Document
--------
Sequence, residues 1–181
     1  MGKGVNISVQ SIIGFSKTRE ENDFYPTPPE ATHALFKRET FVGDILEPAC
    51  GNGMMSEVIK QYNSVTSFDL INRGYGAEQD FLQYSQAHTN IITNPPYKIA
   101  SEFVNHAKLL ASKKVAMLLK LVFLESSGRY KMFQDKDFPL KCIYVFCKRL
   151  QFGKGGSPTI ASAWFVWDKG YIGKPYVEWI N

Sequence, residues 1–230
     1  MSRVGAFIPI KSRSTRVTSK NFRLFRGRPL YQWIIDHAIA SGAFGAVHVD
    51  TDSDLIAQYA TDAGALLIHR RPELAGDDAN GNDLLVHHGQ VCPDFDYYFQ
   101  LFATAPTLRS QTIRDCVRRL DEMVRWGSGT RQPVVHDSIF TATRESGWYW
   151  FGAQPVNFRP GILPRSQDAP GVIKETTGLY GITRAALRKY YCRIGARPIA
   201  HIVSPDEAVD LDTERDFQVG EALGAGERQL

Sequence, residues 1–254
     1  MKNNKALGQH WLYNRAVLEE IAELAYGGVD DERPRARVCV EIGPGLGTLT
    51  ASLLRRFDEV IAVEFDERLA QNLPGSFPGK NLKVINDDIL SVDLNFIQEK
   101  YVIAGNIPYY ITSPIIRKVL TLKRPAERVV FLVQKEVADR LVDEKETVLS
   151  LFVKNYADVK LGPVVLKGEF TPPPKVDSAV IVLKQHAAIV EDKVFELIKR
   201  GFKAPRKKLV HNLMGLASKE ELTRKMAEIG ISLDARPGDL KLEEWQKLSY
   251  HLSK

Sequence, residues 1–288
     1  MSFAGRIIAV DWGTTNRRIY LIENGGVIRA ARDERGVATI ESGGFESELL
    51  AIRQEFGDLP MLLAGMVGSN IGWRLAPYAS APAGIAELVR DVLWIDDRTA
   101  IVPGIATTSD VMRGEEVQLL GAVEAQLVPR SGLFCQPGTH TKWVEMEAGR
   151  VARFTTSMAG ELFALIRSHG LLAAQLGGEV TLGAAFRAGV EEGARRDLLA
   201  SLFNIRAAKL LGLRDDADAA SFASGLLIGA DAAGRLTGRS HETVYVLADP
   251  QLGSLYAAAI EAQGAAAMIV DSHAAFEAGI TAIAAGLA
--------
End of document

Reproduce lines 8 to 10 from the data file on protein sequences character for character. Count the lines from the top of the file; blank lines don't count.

    51  TDSDLIAQYA TDAGALLIHR RPELAGDDAN GNDLLVHHGQ VCPDFDYYFQ
   101  LFATAPTLRS QTIRDCVRRL DEMVRWGSGT RQPVVHDSIF TATRESGWYW
   151  FGAQPVNFRP GILPRSQDAP GVIKETTGLY GITRAALRKY YCRIGARPIA